Monthly Archives: October 2015

Why I Was Disappointed in Amy Schumer’s HBO Special

Everyone that knows me well is aware that I have an obsession with Amy Schumer. I have been following her career for years between her Howard Stern appearances, her comedy central roasts/ special/ series, and now all of the other million things she’s been doing since Trainwreck has made her a household name.

I was so excited for her HBO special, Amy Schumer: Live at the Apollo, particularly because I remember during one of her first Howard Stern appearances she mentioned that performing at the Apollo would be one of her dreams come true. However, within fifteen minutes I was already disappointed.

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Speaking generally, the most unfortunate aspect of the special was that 90% of the material was regurgitated from either Inside Amy Schumer, her previous special Mostly Sex Stuff, or from talk show appearances. For example, that whole “hot girls in LA” bit was on her show, except she used the city of Miami instead.

I was not only expecting more fresh and exciting material, but I also thought that now that she is a big star and preaches feminism, she would stop slut shaming herself so much. It seemed like the majority of the material was making fun of how much she sleeps around. When, in fact, on Howard Stern she revealed she actually has only had one one-night-stand in her life. I understand that all comics are performers and make up a good portion of their material, but when one’s onstage persona contrasts so drastically with the message she sends on her show and in public, it is troubling to me. In a recent interview she explained that now that she is more famous she is going to retire the “dumb blonde” persona, and her SNL monologue made me hopeful that was really happening. She also made a moving speech earlier this year about how she didn’t have a lot of confidence in college and slept with a guy who used her, but then made light of the same subject in her routine. Although she kind of made up for it when she later described how stupid it is that men think women don’t enjoy sex just as much as they do, I still would love to see a female comic other than Sarah Silverman just talk about something other than sex.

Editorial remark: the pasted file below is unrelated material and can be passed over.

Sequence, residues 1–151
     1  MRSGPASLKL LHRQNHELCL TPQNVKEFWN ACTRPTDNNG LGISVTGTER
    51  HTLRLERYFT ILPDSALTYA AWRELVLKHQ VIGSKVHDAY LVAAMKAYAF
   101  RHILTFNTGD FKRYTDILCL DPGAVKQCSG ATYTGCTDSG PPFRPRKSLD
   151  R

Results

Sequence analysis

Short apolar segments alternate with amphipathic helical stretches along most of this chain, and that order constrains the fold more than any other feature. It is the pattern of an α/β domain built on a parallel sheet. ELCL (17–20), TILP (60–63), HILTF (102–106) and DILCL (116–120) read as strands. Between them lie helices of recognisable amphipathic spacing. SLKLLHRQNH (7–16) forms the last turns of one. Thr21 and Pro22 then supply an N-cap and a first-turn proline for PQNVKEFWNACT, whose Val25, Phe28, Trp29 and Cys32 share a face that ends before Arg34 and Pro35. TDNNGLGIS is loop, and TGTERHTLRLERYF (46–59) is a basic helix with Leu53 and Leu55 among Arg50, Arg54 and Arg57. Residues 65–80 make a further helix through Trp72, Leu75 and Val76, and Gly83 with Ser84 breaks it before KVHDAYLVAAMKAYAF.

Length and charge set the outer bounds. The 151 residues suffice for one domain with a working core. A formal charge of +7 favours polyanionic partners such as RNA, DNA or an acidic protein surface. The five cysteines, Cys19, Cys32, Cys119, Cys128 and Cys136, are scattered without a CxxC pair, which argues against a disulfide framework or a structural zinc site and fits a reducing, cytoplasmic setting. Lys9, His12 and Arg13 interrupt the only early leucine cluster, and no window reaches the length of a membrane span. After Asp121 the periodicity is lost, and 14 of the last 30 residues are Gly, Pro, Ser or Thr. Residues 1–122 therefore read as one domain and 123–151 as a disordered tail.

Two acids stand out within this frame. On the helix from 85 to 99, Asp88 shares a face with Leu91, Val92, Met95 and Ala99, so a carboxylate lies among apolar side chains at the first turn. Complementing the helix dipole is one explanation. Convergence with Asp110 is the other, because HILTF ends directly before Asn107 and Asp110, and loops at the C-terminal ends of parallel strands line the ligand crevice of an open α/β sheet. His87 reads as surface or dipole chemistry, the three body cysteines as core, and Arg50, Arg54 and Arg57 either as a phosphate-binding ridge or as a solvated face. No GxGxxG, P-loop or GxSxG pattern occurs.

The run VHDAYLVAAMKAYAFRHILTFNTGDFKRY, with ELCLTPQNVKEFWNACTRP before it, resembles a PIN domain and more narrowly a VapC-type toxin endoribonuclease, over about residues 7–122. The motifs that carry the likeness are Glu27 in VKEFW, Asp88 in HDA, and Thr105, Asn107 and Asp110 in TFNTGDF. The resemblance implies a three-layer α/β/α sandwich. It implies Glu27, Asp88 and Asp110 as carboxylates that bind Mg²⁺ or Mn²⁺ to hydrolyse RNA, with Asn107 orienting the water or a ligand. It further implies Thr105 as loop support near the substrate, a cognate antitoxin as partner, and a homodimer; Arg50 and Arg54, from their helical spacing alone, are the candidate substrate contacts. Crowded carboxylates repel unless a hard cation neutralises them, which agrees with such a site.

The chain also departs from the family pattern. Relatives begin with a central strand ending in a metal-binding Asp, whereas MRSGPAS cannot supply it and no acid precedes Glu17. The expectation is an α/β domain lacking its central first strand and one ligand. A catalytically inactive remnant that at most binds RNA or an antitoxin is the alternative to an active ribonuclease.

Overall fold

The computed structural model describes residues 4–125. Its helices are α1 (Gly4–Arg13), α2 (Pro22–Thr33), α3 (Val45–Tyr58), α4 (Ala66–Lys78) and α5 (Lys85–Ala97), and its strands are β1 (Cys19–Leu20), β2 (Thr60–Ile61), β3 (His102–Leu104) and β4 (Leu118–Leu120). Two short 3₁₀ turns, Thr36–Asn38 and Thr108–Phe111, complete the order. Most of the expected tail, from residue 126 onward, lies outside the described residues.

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The biggest issue I had with the special was the beginning: when Amy talked about her body. She called herself fat so many times, and in so many different ways, that I was genuinely wondering if this was the same person who cried when speaking about her body image issues in a video I saw just earlier this week. I don’t know if she realizes that when she (who isn’t fat at all, by the way) calls herself a “tub of lard”, women who look like her, or are bigger than her, will feel bad about themselves. The whole bit felt like a defense mechanism.